- Location: North of Big Bear Lake. From the intersection of Highway 38 and Highway 18 at the western end of Big Bear Lake, take Highway 38 east for 5.3 miles. Turn left onto Polique Canyon Road, which soon becomes dirt (a little bumpy but as of this writing passable for all vehicles.) After 1.6 miles, turn right at the junction. At 0.7 miles, park in a small turnout on the right side of the road by a sign reading “Holcomb View Trail.” While most of the trails in the area require a National Forest Service adventure pass for parking, there’s no indication at the trail head that the pass is required. If you want to be sure, you can purchase the National Forest Service Adventure Pass ($5 per day or $30 per year) here.
- Agency: San Bernardino National Forest/Big Bear Discovery Center
- Distance: 5.4 miles
- Elevation gain: 1,000 feet
- Difficulty Rating: PG-13 (altitude, elevation gain, steepness, trail condition over last half mile)
- Suggested time: 3 hours
- Best season: May – October
- USGS topo map: Fawnskin
- Recommended gear: insect repellent; hiking poles
- Recommended guidebook: Afoot and Afield: Inland Empire
- More information: here (described from the beginning of Polique Canyon Road); here (described via the Cougar Crest Trail, 12 miles round trip)
- Rating: 8
Located on the north shore of Big Bear, Delamar Mountain is the tallest point on the ridge between the lake and Holcomb Valley, with a summit of 8,398 feet. Although the views aren’t quite as good as from the hike to nearby Bertha Peak, and the trail doesn’t offer the variety of Gray’s Peak, it’s still an enjoyable and challenging hike, well worth a visit.
The beginning of the hike, which follows the Pacific Crest Trail, is deceptively easy. The P.C.T. heads very gradually uphill, climbing only about 400 feet over the first two-plus miles through a forest of black oaks, firs and pines. In the early part of the hike, you get some nice views of Big Bear Lake and San Gorgonio to the south.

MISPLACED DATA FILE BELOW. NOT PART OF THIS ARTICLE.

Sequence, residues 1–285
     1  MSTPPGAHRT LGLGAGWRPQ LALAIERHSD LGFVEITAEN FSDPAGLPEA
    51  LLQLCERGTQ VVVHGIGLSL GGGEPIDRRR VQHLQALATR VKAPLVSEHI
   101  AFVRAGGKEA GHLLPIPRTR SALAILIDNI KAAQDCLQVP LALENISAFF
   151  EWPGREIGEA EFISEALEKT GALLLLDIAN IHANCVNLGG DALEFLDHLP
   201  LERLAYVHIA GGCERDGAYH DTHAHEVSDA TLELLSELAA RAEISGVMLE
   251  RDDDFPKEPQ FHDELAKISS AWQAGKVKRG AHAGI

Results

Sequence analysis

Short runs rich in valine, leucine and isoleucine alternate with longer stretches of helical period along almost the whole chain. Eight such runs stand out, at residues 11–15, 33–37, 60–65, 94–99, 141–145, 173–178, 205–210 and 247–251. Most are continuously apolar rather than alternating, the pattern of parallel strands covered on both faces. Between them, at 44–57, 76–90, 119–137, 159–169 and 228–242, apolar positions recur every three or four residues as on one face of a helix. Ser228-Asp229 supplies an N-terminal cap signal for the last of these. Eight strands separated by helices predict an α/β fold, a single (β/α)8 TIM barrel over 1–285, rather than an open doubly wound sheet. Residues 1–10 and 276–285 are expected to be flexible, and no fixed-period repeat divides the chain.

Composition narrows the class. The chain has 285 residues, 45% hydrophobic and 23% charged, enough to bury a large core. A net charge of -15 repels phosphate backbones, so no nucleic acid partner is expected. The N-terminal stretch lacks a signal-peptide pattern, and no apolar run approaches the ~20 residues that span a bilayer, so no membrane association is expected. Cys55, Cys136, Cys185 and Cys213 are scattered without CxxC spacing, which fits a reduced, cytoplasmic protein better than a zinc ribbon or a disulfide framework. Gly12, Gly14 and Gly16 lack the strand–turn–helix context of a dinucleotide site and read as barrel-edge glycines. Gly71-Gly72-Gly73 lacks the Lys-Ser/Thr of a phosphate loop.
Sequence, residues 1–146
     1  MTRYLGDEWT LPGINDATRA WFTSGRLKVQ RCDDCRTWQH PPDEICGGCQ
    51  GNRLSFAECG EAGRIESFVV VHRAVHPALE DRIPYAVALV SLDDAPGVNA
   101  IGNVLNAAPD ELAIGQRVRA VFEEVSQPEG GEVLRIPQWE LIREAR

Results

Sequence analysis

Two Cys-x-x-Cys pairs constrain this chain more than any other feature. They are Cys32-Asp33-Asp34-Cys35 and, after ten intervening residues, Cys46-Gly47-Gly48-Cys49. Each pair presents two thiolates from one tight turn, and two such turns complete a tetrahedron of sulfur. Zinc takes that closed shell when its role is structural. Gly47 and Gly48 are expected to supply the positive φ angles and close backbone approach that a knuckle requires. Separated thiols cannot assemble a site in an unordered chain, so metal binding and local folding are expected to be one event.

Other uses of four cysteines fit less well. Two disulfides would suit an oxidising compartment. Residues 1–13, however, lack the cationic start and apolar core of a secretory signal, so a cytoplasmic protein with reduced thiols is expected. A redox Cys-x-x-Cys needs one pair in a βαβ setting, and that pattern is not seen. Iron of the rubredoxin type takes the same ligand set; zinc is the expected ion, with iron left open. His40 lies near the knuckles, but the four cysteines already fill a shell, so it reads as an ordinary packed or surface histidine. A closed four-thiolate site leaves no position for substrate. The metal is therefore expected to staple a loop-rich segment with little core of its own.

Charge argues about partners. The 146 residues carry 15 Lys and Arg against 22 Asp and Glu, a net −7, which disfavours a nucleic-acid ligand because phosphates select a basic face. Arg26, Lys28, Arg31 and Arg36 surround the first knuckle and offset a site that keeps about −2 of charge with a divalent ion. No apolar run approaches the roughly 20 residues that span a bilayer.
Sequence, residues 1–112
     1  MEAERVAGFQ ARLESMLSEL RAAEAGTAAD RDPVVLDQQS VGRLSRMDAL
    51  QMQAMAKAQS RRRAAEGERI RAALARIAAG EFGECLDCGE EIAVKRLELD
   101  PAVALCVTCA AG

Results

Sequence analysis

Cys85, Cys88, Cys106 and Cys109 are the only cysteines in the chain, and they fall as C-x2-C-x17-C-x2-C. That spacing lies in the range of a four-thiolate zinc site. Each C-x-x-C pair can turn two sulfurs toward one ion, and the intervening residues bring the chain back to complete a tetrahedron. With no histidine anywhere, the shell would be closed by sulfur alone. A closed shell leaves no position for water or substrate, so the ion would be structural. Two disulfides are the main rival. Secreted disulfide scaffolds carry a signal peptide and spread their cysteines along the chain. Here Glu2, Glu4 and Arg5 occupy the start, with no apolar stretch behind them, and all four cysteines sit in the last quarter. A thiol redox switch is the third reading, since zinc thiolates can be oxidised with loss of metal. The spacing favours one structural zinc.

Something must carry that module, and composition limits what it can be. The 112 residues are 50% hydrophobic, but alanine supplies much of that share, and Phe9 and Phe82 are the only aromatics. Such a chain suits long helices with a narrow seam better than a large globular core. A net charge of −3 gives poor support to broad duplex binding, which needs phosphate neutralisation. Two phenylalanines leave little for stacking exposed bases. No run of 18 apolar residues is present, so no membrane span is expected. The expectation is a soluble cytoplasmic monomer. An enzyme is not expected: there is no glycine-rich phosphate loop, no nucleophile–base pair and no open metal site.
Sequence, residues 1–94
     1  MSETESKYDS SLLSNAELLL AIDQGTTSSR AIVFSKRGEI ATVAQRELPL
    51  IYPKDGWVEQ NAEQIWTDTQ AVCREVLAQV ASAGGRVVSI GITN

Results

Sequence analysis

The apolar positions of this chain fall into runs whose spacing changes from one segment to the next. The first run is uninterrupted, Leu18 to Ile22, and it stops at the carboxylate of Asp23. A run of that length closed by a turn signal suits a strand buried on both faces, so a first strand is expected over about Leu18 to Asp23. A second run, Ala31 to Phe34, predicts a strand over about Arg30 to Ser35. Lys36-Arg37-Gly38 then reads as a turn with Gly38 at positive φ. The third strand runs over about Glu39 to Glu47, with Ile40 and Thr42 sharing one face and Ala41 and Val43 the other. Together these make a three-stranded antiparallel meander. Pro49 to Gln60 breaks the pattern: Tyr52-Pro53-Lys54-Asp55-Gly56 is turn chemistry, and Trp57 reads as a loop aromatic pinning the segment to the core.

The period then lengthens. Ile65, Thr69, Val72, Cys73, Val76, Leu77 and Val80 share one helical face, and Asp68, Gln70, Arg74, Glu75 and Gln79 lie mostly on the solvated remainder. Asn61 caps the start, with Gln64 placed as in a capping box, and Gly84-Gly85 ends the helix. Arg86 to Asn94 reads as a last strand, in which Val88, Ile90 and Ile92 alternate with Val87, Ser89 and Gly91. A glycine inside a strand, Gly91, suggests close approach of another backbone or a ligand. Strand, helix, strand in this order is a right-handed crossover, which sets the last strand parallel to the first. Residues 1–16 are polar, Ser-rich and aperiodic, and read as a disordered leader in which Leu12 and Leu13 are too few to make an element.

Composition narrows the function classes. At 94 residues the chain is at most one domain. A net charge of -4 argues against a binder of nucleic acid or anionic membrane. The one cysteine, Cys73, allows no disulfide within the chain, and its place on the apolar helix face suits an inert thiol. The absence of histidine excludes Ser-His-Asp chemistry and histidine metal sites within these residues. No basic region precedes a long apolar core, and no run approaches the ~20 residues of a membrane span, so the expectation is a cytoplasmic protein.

After a little more than a mile, the trail crosses to the north side of the ridge, giving glimpses of Holcomb Valley. Rounding a curve you get a nice view of Bertha Peak’s pointy summit to the east.
At about 2 1/4 miles, the P.C.T. crosses a steep, loosely defined trail. This is where the bill comes due. Delamar Mountain has an elevation similar to Smith Mountain in the Angeles National Forest (although Smith is more difficult): an easy beginning but a difficult push to the summit.
Climb up the loose and steep trail, using your poles. After ascending almost 200 feet you get a brief respite. The trail flattens out and bends south, passing a primitive campsite, and then the steep ascent begins again. You hack your way up the mountain, climbing another 300 feet, over and around fallen tree trunks, before the trail levels out shortly before the summit.
An easy to climb pile of boulders is the true high point of Delamar Mountain, providing some nice views of Holcomb Valley and the San Gabriels to the west, but the best views are found farther south. Forging your way across the ridge, you reach another pile of boulders, from which you get some great views of Big Bear Lake. After resting to make sure your legs are fresh for the steep descent, return via the same route.
Text and photography copyright 2013 by David W. Lockeretz, all rights reserved. Information and opinions provided are kept current to the best of the author’s ability. All readers hike at their own risk, and should be aware of the possible dangers of hiking, walking and other outdoor activities. By reading this, you agree not to hold the author or publisher of the content on this web site responsible for any injuries or inconveniences that may result from hiking on this trail. Check the informational links provided for up to date trail condition information.